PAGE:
Part 1: In June, NAHREP Takes on City Council Meetings!
Celebrating NAHREP familia, cultura, politics, and grassroots action
May 5, 2022
Qué onda mi gente?!
For years, all conversations around increasing minority homeownership have been focused on access to credit. How do we secure enough lending programs out there to ensure that first-time homebuyers can get adequate and affordable financing to purchase their homes? This is why the most important conversations around minority homeownership have historically happened within the Department of Housing and Urban Development (FHA), Federal Housing Finance Agency (FHFA, who regulates Fannie Mae and Freddie Mac), and the Consumer Financial Protection Bureau (CFPB).
However, today no other issue impacts Latino homeownership more than the low supply of homes for sale, particularly at the entry level. Today, there are 8.3 million Latinos aged 45 and under who are considered mortgage-ready but who aren’t homeowners. This number has actually doubled since 2015, meaning that the number of Latinos actively looking to buy homes or who are waiting on the sidelines for “home prices to drop,” will only continue increasing without converting that enormous potential into more Latino homeowners.
The most important housing conversations are happening today, one city and county at a time. Why? Because cities decide how and what land can be used for housing. And, cities administer building permits. This is why, for the month of June, the National Advocacy Committee will encourage all chapters to attend and speak at their city council meeting.
So, this is what we’re going to do. We are asking everyone to attend their first city council meeting just as an observant. This will be an opportunity to assess the lay of the land. Over the next couple of weeks, we’ll go over how to actually speak up at a city council meeting. However, today, let’s do a step-by-step guide on attending your first city council meeting:
- Find out when your next city council meeting is: Google your city website and find out when the next city council meeting is and put it on your calendar. Invite someone from NAHREP to go with you. Is it in person? Is it virtual? Is it hybrid? My city council meeting takes place on the second and fourth Tuesday of the month. I signed up for alerts so I always know what the agenda is for each meeting. You can often find the agenda on the city’s website. Reviewing the agenda allows you to know which topics will be discussed ahead of time.
- Show up and listen: Show up to your city council meeting and listen. You’re going to be amazed at how many of these decisions impact your everyday life as a resident of your city and as a real estate professional. I found the meeting pretty interesting. Also, be prepared for city residents to speak during the public comment period and say some outrageous things. Just expect it.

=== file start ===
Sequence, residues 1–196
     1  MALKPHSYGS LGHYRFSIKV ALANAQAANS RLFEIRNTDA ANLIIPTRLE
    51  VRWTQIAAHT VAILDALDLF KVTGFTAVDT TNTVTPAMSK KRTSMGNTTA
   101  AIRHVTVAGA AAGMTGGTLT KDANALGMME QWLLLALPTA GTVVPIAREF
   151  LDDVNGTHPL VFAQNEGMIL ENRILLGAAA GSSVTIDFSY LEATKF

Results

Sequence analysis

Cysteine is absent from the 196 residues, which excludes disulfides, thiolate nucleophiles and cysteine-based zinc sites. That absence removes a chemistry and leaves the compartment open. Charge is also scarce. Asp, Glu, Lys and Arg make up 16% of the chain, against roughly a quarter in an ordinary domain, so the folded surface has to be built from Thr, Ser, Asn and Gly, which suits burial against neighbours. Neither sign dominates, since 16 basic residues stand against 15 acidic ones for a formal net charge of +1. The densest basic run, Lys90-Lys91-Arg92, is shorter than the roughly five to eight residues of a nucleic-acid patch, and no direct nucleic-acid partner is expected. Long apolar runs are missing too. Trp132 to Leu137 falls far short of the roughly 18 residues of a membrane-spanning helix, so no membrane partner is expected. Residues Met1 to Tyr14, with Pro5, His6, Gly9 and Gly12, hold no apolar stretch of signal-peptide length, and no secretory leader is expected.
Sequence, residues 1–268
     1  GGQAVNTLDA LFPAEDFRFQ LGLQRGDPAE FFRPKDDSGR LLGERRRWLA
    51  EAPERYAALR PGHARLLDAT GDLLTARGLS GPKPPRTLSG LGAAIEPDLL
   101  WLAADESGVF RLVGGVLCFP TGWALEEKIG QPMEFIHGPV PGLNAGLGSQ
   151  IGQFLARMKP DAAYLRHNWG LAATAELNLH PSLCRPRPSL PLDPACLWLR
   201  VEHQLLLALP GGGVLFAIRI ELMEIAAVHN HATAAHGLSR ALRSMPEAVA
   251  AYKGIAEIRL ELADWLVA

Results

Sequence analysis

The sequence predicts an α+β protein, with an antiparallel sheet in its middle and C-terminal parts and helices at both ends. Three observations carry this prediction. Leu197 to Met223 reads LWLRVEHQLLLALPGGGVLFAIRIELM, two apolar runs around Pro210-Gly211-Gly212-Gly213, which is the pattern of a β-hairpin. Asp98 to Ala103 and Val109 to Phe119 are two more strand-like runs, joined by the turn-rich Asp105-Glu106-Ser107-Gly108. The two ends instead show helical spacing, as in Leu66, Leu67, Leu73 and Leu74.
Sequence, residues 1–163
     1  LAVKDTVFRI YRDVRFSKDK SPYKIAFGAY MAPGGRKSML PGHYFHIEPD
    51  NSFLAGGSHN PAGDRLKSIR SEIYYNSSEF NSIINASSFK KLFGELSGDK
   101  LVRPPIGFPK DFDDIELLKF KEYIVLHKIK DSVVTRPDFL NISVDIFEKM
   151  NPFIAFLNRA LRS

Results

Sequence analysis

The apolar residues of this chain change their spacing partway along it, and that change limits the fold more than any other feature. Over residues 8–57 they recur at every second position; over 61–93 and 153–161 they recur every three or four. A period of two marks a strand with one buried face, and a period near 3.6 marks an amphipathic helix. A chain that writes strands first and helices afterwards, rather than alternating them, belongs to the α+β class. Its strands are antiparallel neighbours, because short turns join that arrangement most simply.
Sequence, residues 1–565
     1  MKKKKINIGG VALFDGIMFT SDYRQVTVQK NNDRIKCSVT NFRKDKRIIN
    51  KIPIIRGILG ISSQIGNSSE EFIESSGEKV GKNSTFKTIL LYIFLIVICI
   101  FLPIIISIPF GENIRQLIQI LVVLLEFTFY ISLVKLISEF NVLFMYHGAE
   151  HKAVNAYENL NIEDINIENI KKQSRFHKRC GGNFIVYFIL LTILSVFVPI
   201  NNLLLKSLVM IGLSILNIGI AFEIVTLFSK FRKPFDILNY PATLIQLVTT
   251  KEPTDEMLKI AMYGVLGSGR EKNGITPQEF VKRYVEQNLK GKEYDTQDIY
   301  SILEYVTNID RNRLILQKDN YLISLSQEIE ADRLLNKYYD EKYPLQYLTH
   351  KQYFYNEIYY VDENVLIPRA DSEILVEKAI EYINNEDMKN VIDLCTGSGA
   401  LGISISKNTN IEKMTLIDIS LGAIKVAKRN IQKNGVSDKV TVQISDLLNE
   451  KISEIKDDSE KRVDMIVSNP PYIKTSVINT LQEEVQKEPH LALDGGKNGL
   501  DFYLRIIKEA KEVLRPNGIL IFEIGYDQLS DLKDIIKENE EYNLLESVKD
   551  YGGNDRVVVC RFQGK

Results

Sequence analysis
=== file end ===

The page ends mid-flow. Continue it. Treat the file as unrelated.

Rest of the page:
- Find out how the public comment process works: Either arrive early or stay until the end of the meeting to ask someone exactly how public comment works. What do you need to fill out? Can you speak up in person? Do you have to do it virtually? Is the public comment period at the end or beginning of the meeting? How long are you allowed to speak for? As you budget appropriately on whether to arrive early or stay later, note that city council meetings sometimes last more than 2 hours. It all depends on how much public comment there is.
- As you’re sitting there listening, do your research: I live in a small city outside of San Diego called La Mesa. As I was sitting there listening to the mayor, the city council, and the city manager speak, I googled all of them. I pretty soon realized who was passionate about housing supply and who was a NIMBY (Not in My Backyard activist). This is called power mapping. It is important to understand who is on our side on this issue, and who disagrees with us or will take more convincing
- Introduce yourself: Either before the meeting starts or when it ends, go up to the city manager and the city council member you feel is most allied with us when it comes to housing supply. Tell them who you are, that you are involved with NAHREP, and that you’re passionate about creating homeownership opportunities for first-time homebuyers, particularly for communities of color. Comment on something they said that really resonated with you.
And that’s it. That’s your first assignment. Next week, we’ll talk about showing up and speaking during public comment.
About Noerena Limón
Noerena Limón is NAHREP’s Executive Vice President of Public Policy and Industry Relations. Noerena heads the organization’s policy and advocacy efforts on issues ranging from homeownership, housing inventory, credit access and immigration.
Prior to joining NAHREP, Noerena spent six years at the Consumer Financial Protection Bureau (CFPB) and served as a political appointee under President Obama in the White House Office of Political Affairs.